The centre was able to serve a total of 200 subscribers. At the time, phones worked with the caller picking up the device and asking for the called party from the telephone exchange.
In the first period, while there were relatively few subscribers, it was enough to say the names of the residents at the requested station, not even a number, as the telephone operators knew who the subscribers were. Telephone numbers – then only four digits – were introduced in Budapest in 1901, when there were 5,300 subscribers.
Not anybody could be a telephone operator; applicants had to have a letter of recommendation from two families of the nobility. The first Hungarian telephone lady was Júlia Matkovics, who learned how to use the telephone from Tivadar Puskás.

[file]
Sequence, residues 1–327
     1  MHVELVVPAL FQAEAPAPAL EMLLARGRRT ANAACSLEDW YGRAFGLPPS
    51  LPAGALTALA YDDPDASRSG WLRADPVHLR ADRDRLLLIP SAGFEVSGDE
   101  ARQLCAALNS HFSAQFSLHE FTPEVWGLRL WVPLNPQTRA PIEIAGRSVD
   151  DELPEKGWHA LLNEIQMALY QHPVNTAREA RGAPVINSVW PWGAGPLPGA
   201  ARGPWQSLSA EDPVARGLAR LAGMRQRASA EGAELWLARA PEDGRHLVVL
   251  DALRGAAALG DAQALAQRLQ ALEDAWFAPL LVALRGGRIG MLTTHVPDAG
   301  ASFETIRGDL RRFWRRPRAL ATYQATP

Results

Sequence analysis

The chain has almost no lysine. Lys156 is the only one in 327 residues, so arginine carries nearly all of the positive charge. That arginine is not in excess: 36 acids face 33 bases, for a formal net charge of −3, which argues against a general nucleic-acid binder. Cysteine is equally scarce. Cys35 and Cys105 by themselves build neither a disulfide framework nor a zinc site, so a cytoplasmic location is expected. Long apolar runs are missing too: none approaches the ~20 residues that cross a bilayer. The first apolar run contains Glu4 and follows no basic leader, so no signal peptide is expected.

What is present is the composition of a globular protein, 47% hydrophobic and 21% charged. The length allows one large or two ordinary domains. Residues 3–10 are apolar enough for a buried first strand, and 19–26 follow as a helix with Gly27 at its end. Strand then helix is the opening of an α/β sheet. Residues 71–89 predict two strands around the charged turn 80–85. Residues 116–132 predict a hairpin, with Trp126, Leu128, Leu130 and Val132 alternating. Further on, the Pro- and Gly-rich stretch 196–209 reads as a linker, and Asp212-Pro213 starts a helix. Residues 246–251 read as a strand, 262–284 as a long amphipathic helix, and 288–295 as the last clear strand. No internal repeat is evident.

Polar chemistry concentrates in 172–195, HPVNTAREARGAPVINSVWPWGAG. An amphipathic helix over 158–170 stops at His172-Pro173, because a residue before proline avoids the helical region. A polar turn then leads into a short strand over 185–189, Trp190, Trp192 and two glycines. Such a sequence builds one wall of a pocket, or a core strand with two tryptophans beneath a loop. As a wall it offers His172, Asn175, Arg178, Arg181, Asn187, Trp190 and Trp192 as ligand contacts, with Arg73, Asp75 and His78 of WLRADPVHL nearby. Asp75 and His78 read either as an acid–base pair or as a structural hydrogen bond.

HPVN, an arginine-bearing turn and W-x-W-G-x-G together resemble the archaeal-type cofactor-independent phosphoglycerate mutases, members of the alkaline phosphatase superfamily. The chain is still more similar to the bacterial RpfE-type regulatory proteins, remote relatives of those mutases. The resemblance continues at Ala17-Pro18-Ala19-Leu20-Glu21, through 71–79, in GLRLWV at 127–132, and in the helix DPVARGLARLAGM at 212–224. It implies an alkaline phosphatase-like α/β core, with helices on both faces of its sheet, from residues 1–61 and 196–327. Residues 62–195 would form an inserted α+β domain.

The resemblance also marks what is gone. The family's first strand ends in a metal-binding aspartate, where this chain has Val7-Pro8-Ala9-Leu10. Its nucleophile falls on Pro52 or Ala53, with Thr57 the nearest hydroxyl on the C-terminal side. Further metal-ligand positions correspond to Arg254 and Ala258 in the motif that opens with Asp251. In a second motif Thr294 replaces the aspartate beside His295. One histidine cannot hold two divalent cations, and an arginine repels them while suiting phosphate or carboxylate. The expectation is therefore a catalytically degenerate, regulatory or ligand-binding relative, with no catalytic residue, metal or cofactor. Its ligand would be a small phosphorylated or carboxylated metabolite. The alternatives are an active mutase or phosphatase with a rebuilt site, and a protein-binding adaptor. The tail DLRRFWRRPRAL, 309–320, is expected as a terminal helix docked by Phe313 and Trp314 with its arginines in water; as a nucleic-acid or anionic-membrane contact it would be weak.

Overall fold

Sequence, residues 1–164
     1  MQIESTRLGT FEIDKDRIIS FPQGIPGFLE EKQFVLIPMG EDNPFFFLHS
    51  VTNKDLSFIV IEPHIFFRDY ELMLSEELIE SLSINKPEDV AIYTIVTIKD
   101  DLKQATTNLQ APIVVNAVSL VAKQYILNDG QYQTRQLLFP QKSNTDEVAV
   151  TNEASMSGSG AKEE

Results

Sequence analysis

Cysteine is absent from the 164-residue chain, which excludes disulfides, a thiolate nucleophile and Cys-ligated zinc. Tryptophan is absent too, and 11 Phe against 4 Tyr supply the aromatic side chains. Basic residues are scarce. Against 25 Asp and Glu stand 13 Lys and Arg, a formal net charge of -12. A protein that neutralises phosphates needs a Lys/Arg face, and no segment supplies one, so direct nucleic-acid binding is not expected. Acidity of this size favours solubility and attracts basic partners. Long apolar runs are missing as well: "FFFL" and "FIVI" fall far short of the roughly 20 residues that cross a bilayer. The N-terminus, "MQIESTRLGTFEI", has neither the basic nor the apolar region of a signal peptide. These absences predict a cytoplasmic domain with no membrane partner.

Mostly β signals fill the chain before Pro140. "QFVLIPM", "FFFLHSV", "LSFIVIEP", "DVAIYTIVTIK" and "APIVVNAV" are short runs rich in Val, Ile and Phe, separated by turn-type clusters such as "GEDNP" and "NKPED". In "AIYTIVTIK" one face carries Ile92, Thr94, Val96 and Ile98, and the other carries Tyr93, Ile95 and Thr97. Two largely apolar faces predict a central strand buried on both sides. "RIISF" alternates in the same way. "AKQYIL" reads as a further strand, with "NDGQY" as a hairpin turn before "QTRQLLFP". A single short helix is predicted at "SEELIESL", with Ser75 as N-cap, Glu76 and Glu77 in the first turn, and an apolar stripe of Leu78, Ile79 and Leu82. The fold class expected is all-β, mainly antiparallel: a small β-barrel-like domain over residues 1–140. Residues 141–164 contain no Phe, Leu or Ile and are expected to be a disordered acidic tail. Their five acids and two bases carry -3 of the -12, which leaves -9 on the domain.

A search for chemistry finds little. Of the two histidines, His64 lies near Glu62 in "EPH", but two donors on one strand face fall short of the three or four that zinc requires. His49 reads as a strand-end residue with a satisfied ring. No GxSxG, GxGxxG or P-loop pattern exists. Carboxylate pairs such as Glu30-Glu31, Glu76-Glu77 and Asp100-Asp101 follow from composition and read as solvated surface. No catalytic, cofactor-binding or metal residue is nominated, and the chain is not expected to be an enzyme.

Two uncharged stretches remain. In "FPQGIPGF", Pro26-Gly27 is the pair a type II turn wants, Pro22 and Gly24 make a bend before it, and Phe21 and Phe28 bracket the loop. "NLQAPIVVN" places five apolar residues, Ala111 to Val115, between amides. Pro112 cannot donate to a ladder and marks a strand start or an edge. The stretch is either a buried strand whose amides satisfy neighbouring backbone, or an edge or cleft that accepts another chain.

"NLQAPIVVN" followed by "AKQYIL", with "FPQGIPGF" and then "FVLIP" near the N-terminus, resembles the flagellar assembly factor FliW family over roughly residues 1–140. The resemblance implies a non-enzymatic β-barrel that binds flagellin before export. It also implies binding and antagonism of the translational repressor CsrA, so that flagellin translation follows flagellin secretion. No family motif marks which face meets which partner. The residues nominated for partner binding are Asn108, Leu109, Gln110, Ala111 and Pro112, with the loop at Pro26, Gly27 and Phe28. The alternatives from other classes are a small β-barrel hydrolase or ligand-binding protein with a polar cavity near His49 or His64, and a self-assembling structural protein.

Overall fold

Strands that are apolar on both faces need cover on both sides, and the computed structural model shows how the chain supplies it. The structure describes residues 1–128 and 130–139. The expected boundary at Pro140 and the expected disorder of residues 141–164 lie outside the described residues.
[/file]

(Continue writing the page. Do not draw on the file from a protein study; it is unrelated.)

Tivadar Puskás and the telephone exchange on a stamp (Source: Magyar Posta- és Illetékbélyeg Katalógus [Hungarian Post and Duty Stamp Catalogue])
However, the telephone lines were not welcomed by everyone. Some homeowners wanted to collect a fee for the wires. Nevertheless, the authorities of the Capital considered the spread of the network important, so in their decision from 28 April 1881, they stated:
"(…) The Budapest Council fully declares that the telephone network is such a purposeful and practically important means of transport as the post office or telegraph and such a public benefit that its wider spread is in the interest of the whole community of the capital, because it serves not only private but state and administrative interests. The Budapest Council shall ensure that the telephone network lines are constructed as far as possible without violating any public or private interests, and since tieing the wiring to the facades of the houses will not cause any trouble or damage to the buildings, the Budapest Council calls on the homeowners of the capital not to hinder the fixing of holders on their homes, but rather to support and promote the spread of this institution of public interest and benefit. "